ThinkSpace

AGES 4-10 

Explore, imagine, create and experiment with shapes, spaces and spatial thinking through hands-on play and learning experiences.

Spatial thinking is part of everyday life and is necessary to navigate, explore and survive in the world. People think spatially all the time – when tying shoes, reading maps, finding the way to the store, packing a suitcase, doing jigsaw puzzles, climbing rocks and cutting sandwiches in half – and they become better with practice. Spatial thinkers are architects designing buildings, pilots flying planes, doctors reading x-rays, plumbers installing pipes, bakers decorating cakes, geologists studying fossils and artists painting landscapes. Kids are spatial thinkers, too!

Spatial thinking is a powerful problem-solving tool and a key to kids’ interest and success in STEM (science, technology, engineering and math) disciplines. While spatial thinking develops over a lifetime, research suggests that early development of spatial thinking skills increases later achievement in math and science – and that, for young children, hands-on experiences are especially important. However, though kids learn the basics of shape and space, spatial thinking isn’t systematically taught in schools.

ThinkSpace is recommended for children ages 4 to 10 – and their adult friends – for maximum understanding and interest. Younger and older children also enjoy many of the exhibit’s interactive elements and there are activities especially for toddlers. Museum play guides are on hand to encourage fun and learning. A resource nook contains books about spatial thinking.

Some things to do in ThinkSpace

Toddlers:

  • Move wooden beads along colorful wires. Push them up hills, around loops, through tunnels and watch as they slide down slopes.
  • Play with Magna-Tiles™ – sort them, stack them, stick them to the magnetic wall.
  • Squares, circles, triangles, stars – which hole fits which block?
  • Grasp and pull, twist and turn, open and shut – work real latches to open tiny doors.

Preschoolers:

  • Build with the wooden blocks. Make something tall. Make something short. How many different shaped blocks can you use?
  • Grow and shrink shadows. Put the wooden solids together to make new shadow shapes.
  • Make a flower by stacking the colorful tiles in different combinations.
  • Construct a box using the Magna-Tiles. What else can you build?
  • Make a pattern on the magnetic board.

Ages 5 to 7:

  • Set up the dominoes in zigzags and spirals. Knock one over to start a chain reaction.
  • Use the 25 colorful cube blocks to make a picture. Copy a design or create your own.
  • Play the Shape Talk game with a friend. You both win if your patterns are exactly the same. No peeking!
  • Make 3-dimensional objects look 2-dimensional in the shadow booth. Use the blocks and animals to make a shadow scene.
  • Build with the seven Soma puzzle blocks. Try to make a cube, a tall tower or something else

Ages 8 and up:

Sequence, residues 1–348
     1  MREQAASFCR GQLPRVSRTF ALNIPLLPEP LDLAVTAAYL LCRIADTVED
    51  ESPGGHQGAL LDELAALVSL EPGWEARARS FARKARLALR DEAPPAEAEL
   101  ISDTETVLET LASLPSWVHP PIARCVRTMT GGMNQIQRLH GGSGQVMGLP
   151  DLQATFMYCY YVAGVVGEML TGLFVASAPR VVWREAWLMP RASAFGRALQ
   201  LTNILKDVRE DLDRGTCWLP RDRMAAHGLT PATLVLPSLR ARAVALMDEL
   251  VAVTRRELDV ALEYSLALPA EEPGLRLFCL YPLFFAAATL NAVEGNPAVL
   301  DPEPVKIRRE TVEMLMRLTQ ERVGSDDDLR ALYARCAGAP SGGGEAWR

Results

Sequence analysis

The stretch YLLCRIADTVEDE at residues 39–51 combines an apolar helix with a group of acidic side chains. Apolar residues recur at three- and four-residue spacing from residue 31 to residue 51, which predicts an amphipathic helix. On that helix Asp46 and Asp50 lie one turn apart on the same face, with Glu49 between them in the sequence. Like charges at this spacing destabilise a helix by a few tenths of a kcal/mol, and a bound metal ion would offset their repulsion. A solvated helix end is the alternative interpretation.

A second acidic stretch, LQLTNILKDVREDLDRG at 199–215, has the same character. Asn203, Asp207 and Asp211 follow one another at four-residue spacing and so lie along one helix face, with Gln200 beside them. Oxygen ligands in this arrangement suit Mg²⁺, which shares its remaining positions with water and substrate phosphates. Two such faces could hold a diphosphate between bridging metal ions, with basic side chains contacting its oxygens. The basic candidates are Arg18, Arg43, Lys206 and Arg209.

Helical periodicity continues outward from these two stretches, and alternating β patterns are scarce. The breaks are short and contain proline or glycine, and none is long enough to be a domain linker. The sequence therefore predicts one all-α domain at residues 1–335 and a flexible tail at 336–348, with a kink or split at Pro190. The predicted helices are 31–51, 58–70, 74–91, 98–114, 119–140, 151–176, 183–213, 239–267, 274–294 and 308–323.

• Create kaleidoscopic designs by rotating and layering colorful tiles. Copy a design or create your own.
  • Roll a ball through a mystery maze and use your senses to figure out its path. Draw a diagram of the hidden maze.
  • Use the seven pieces of the Soma puzzle to make a big cube. (There are 240 ways to do it!)
  • Snap the Jovo® tiles together to make solid shapes. Try making 3-dimensional shapes using just one kind of flat shape (just triangles or squares or pentagons) – how many Platonic solids can you make?
  • Use a floor plan to navigate through the Museum and find spatial challenges everywhere you go.
About Us

Our mission is to inspire lifelong learning for all through play, creativity, and exploration.

Hours and Admissions

Exhibits Closed
PCM’s exhibits are closed to the public until July 8, 2021 with the exception of vacation weeks. The Museum is available for birthday party and corporate rentals

All staff and visitors ages 2 and up must wear a mask that covers their nose and mouth at all times. No exceptions can be made to this policy. Bandanas and neck gaiters are not acceptable mask substitutes.

Group Visits

Providence Children’s Museum is the ideal place for school field trips, camp outings, homeschool and community group trips and Scout excursions.

About Play

While society often overlooks and undervalues play, we are here to celebrate and elevate it. Because we know play isn’t frivolous. It’s foundational.

For Families

Even though PCM is closed, we’ve collected an extensive resource of creative activities that will engage kids and their caregivers wherever you may be.

Become a Partner

PCM has brought the magic of learning to life for over 40 years. As a trusted resource for families and children in southern New England, PCM is an anchor in our community.

More than a Museum

PCM is committed to serving the children of southern New England – regardless of their financial ability. 40% of the Museum’s budget is dedicated to welcoming one-third of the Museum’s total audience free of charge or at greatly reduced rates through a variety of outreach programs.

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